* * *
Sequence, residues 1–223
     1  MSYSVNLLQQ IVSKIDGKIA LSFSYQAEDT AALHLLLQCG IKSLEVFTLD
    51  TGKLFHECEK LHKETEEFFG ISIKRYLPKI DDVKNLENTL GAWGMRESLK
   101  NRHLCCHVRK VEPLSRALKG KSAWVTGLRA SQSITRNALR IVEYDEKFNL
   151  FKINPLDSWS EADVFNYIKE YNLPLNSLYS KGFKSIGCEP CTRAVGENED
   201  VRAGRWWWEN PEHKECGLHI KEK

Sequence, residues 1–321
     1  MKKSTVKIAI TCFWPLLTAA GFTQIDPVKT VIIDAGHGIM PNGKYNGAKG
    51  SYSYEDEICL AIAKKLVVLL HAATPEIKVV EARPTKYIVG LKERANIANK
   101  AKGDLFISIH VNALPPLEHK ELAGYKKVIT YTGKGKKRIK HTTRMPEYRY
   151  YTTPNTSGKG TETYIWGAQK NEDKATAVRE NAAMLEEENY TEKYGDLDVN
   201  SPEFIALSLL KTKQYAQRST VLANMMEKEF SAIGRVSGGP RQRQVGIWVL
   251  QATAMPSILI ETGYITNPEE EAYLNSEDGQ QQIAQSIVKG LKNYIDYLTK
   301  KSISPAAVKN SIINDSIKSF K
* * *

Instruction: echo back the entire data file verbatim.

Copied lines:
Sequence, residues 1–223
     1  MSYSVNLLQQ IVSKIDGKIA LSFSYQAEDT AALHLLLQCG IKSLEVFTLD
    51  TGKLFHECEK LHKETEEFFG ISIKRYLPKI DDVKNLENTL GAWGMRESLK
   101  NRHLCCHVRK VEPLSRALKG KSAWVTGLRA SQSITRNALR IVEYDEKFNL
   151  FKINPLDSWS EADVFNYIKE YNLPLNSLYS KGFKSIGCEP CTRAVGENED
   201  VRAGRWWWEN PEHKECGLHI KEK

Sequence, residues 1–321
     1  MKKSTVKIAI TCFWPLLTAA GFTQIDPVKT VIIDAGHGIM PNGKYNGAKG
    51  SYSYEDEICL AIAKKLVVLL HAATPEIKVV EARPTKYIVG LKERANIANK
   101  AKGDLFISIH VNALPPLEHK ELAGYKKVIT YTGKGKKRIK HTTRMPEYRY
   151  YTTPNTSGKG TETYIWGAQK NEDKATAVRE NAAMLEEENY TEKYGDLDVN
   201  SPEFIALSLL KTKQYAQRST VLANMMEKEF SAIGRVSGGP RQRQVGIWVL
   251  QATAMPSILI ETGYITNPEE EAYLNSEDGQ QQIAQSIVKG LKNYIDYLTK
   301  KSISPAAVKN SIINDSIKSF K